Probiotics and Skin Care: A Clarifying Conversation with the Doctor
There are more than one trillion bacteria living in and on our skin. They are constantly moving, munching, and metabolizing. These necessary microorganisms exist to boost our immunity, fight off infections, thwart damage caused by the environment, and keep our skin fresh and youthful. Thinking about their essential goodness makes one wonder about the overuse of antibacterial soaps and gels and skin care products that contain glycolics and other acids.
Human beings coexist with microorganisms, which in their entirety are identified as microbiome. To keep this microbiome healthy probiotics have been identified as a beneficial part of our nutrition for some time now. Probiotics have also become a part of the skin care lingo. To demystify this topic, we wanted to share the conversation between Martina Grams, the training manager at KOKO Kosmetikvertrieb GmbH & Co. KG, makers of dermaviduals®, and the head of Research and Development, Dr. Jürgen Kloss.
M. Grams: Does healthy skin need probiotic skin care?
Dr. Kloss: In the context of the microbiome we differentiate between eubiosis and dysbiosis. In the eubiotic state the epidermis is in balance with its microbiome. In the dysbiotic state the microbial balance went off the rails. With a healthy skin we can presuppose eubiosis, or in other words we can assume an optimal balance in the skin.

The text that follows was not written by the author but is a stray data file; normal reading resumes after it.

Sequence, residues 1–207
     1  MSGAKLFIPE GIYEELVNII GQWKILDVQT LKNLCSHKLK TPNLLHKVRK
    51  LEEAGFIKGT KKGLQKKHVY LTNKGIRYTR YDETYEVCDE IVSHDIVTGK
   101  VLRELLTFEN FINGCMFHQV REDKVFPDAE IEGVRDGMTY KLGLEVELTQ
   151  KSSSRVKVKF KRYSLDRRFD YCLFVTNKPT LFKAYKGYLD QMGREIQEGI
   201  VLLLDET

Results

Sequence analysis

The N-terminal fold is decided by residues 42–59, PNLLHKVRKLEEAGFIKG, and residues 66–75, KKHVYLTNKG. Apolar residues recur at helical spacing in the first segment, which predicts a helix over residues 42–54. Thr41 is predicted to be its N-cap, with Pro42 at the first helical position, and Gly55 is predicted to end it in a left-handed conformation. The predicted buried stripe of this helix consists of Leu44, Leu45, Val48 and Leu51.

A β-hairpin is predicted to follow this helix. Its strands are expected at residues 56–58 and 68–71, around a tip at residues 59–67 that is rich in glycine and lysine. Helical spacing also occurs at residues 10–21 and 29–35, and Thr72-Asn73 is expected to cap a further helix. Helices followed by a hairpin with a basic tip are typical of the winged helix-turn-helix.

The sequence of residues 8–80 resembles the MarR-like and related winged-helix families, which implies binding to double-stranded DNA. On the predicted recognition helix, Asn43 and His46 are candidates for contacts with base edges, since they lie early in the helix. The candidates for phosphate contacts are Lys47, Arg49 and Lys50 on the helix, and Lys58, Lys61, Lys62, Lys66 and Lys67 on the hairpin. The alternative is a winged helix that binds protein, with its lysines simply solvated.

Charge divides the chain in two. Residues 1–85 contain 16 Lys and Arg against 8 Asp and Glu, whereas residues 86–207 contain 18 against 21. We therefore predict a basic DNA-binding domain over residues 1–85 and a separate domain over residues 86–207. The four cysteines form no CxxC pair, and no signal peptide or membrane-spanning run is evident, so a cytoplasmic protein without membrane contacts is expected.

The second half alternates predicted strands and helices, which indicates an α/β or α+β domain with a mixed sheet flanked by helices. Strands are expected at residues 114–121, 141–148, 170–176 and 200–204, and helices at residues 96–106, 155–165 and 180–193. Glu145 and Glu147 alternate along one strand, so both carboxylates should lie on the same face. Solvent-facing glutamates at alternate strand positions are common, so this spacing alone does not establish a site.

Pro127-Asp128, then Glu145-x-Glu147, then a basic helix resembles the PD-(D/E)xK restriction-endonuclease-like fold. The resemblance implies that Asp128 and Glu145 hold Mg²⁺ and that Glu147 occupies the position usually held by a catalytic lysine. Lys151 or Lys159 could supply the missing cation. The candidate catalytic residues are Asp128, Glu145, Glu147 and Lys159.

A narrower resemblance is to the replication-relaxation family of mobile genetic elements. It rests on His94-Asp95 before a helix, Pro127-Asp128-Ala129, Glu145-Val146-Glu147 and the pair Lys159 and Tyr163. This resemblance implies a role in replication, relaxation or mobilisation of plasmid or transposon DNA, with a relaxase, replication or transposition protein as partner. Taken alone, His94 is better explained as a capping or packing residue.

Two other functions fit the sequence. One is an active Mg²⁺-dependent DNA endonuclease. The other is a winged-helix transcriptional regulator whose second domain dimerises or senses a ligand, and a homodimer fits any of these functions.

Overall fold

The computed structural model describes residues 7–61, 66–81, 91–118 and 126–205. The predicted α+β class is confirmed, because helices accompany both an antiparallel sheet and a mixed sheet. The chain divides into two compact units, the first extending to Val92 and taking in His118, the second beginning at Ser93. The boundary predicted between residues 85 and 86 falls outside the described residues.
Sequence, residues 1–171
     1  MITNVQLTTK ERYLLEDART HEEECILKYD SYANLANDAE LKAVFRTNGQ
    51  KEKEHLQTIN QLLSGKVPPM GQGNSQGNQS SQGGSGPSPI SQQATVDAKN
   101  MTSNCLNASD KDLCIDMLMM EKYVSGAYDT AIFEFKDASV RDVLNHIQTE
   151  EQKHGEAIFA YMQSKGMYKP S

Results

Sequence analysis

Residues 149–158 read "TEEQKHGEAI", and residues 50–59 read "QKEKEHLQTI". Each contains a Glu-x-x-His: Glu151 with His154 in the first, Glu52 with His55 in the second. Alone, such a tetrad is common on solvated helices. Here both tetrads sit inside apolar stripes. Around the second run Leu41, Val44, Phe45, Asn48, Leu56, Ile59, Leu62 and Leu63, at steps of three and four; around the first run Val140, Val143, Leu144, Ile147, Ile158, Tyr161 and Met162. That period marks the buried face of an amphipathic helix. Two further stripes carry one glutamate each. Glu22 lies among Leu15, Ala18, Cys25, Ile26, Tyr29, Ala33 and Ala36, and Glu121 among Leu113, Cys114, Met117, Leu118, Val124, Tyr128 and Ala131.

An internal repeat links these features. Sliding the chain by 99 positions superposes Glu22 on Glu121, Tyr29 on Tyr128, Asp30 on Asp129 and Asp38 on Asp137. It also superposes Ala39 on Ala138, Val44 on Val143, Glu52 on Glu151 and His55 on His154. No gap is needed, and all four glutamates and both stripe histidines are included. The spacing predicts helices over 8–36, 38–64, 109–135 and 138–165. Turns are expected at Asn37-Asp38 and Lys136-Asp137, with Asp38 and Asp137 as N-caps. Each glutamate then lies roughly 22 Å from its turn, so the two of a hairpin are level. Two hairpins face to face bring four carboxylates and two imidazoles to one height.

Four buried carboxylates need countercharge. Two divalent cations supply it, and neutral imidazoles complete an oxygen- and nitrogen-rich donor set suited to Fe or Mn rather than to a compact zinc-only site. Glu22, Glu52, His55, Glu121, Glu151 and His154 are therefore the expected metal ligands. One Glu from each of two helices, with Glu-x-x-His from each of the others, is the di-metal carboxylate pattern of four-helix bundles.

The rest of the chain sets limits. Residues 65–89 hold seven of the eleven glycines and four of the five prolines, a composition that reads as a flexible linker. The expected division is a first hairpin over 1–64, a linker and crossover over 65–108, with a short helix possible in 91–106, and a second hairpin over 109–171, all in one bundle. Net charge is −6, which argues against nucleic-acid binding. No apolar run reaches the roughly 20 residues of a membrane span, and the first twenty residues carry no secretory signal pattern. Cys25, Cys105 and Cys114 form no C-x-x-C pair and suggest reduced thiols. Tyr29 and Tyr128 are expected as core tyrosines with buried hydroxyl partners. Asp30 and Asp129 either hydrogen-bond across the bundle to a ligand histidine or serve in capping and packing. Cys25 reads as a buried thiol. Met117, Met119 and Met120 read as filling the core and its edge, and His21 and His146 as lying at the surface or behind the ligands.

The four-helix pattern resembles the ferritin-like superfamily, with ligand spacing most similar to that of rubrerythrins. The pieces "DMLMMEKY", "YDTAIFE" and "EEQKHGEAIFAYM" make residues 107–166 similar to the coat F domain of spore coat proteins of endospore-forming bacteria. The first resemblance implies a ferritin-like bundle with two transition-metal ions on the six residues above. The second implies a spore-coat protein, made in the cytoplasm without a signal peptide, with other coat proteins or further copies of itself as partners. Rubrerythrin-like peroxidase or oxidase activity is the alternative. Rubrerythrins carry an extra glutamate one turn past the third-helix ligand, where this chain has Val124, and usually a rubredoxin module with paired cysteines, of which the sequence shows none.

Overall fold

That is why we could also ask the provocative question: "Does the healthy skin need cosmetic skin care at all? " Prevention of dysbiosis is the domain of application for cosmetic products - in other words "Giving the skin what it needs in order to stay healthy." That is why the components and their properties have a major significance for the skin. The preventive skin care concentrates on physiological as well as on microbiome-compatible ingredients.
M. Grams: Exaggerated skin cleansing, stress, pharmaceutical drugs and negative environmental impacts affect the skin flora. Can probiotics have balancing effects?
Dr. Kloss: The above-mentioned conditions suggest a dysbiotic condition. Probiotic products then can contribute their part to normalize a disordered skin flora. It is still more important, however, to change counterproductive habits. Besides the well-founded skin analysis also detailed expertise and attentiveness to the body's needs are required in order to track down individual disorders. The answer to the problem often just consists of reducing the skin care routine to the bare necessities.
M. Grams: Would a yogurt mask solve a dysbiosis problem?
Dr. Kloss: It would probably be beneficial if the mask contains living cultures. It certainly would only be part of the solution since the microflora of the skin is very complex and accommodates a plethora of different microorganisms that react in various ways to external influences. It is still more important to identify and eliminate the triggers of the disorders.
M. Grams: Is probiotic cosmetics suitable for all skin types?
Dr. Kloss: Well, basically yes. However, it should also be kept in mind that even the best products are not suitable for all skin types. There always are exceptions, though. Just think of simple parameters like the lipid content of products.
Also, the interaction between skin microbiome and endogenous antimicrobial peptides (AMP) is an important factor. Further details can be found on our website:
M. Grams: Thank you very much for your estimation, Dr. Kloss!
Yes, thank you Martina Grams and Dr. Kloss. You have encouraged us here at Progressive Esthetics to continue doing what we always do—to remain focused on our number one objective: strengthening the skin’s barrier function. We do this successfully with the fabulous dermaviduals® products, which have ingredients that are not only microbiome friendly but also physiologically similar to human skin. Dermaviduals wins at keeping skin in eubiosis!